stewie floor lamp

stewie floor lamp

Design Luca Nichetto, 2012
Fabric coated polyethylene foam, lacquered metal
Made in Italy by Foscarini

Stewie introduces a new kind of light. The concept behind the project, whose name is derived from a famous cartoon, is the result of the careful observation of an object that has nothing to do with lighting design: a washbasin placed in an unusual location in their studio that has the air of a work by Duchamp. Its form is what inspired the idea to design a lamp that is innovative in terms of its form, its dimensions, and its positioning. By melding the study of the washbasin with an analysis of Japanese paper lamps, Nichetto came up with Stewie: a floor lamp whose illumination, which emanates from below but also radiates upward, puts the objects it illuminates "in a new light". Stewie can also be faced toward the wall in order to create a softer, more diffused light.

The polymeric foam employed to make the lamp was carefully selected for specific characteristics, namely its lightness, its permeability to light, and its ability to be paired with fabric. Stewie is thus a shell whose light source is housed within a textile filling that filters the illumination. Stewie is offered in two color choices.

30.25" w | 10.25" d | 27" h | cord: 102" L | on/off switch: 43" from lamp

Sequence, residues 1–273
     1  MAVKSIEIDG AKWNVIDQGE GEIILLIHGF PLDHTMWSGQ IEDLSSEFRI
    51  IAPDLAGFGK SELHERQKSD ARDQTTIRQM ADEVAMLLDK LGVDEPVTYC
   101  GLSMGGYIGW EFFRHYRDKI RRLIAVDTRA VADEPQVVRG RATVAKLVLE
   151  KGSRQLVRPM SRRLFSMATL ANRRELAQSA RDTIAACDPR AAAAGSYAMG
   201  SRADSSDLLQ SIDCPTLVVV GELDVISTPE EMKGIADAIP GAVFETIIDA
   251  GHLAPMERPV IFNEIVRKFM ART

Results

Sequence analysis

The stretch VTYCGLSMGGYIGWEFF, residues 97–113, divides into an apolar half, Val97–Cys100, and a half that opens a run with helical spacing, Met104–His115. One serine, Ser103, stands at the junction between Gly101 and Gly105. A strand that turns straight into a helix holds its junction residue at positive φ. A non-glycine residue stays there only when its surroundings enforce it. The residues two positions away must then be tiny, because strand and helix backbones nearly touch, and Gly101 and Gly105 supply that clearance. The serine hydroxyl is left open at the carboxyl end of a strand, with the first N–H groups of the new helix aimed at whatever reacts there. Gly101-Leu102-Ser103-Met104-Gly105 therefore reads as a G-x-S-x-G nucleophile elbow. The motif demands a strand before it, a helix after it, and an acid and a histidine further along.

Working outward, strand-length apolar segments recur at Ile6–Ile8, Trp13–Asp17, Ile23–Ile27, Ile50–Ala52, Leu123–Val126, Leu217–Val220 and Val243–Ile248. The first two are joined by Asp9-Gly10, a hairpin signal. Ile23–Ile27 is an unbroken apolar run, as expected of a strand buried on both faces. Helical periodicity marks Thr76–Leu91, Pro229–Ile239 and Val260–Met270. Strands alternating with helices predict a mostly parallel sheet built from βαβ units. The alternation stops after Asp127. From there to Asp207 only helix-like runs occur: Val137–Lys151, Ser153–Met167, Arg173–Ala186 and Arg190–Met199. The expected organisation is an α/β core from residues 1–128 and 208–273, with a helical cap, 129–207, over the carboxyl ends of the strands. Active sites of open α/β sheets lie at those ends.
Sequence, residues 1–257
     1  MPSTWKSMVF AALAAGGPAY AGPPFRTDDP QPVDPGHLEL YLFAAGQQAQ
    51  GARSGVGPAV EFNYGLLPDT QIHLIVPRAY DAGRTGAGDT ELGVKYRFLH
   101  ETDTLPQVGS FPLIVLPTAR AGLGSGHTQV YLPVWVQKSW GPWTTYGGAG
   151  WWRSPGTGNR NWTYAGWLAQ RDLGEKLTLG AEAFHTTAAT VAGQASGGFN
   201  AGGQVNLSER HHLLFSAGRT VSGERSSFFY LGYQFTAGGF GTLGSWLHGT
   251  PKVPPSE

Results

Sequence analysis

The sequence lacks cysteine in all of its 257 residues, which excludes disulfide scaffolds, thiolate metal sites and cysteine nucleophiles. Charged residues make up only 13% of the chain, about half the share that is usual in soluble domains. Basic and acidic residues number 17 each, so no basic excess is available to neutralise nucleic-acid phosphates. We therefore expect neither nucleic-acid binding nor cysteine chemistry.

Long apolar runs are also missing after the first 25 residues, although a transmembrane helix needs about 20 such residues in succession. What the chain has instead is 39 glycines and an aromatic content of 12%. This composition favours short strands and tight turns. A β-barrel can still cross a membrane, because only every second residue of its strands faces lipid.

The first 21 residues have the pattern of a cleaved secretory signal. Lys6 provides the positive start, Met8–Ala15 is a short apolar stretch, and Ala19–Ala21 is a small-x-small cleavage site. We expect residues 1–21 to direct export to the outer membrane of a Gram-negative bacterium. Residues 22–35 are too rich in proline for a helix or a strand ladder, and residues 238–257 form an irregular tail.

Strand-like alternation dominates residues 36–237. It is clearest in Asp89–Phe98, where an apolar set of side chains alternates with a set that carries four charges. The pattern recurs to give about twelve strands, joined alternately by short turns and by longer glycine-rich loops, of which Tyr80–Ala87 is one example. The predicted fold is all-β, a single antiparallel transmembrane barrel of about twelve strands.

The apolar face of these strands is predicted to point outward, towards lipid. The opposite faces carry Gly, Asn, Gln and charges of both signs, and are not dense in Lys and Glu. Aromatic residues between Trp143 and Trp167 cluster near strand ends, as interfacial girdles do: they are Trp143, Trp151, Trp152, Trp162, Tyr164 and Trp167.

requires 1x40W 2GX13 fluorescent bulb

$1,489.00 + free shipping in the continental U.S.
(usually ships in 5-7 days)
Riccardo Olivieri set up Foscarini Spa in Murano in 1981. Two years later, they debuted their catalog, with lamps from Carlo Urbinati and Allesandro Vecchiato, who would become the company’s managers by 1988. Eventually these new owners would move the company off the island and into Venice, as well as transition Foscarini from a glassworks shop to a major design competitor. They had already begun working with external designers in 1985, but their first success came in 1990 with Rodolfo Dordoni’s “Lumiere.” Most all lighting projects were made of glass until 1993, at which point the Havana lamp primarily used polyethylene, making it lighter, more cost-effective, and able to be used indoors and outdoors. It now resides in the MoMA in New York. Other successful lamps would come to define the company, such as the “Mite & Tite” series by Marc Sadler in 2000 (which earned a Compasso d’oro), Patricia Urquiola’s 2005 “Caboche,” and Marc Sadler’s signature lamp "Twiggy."
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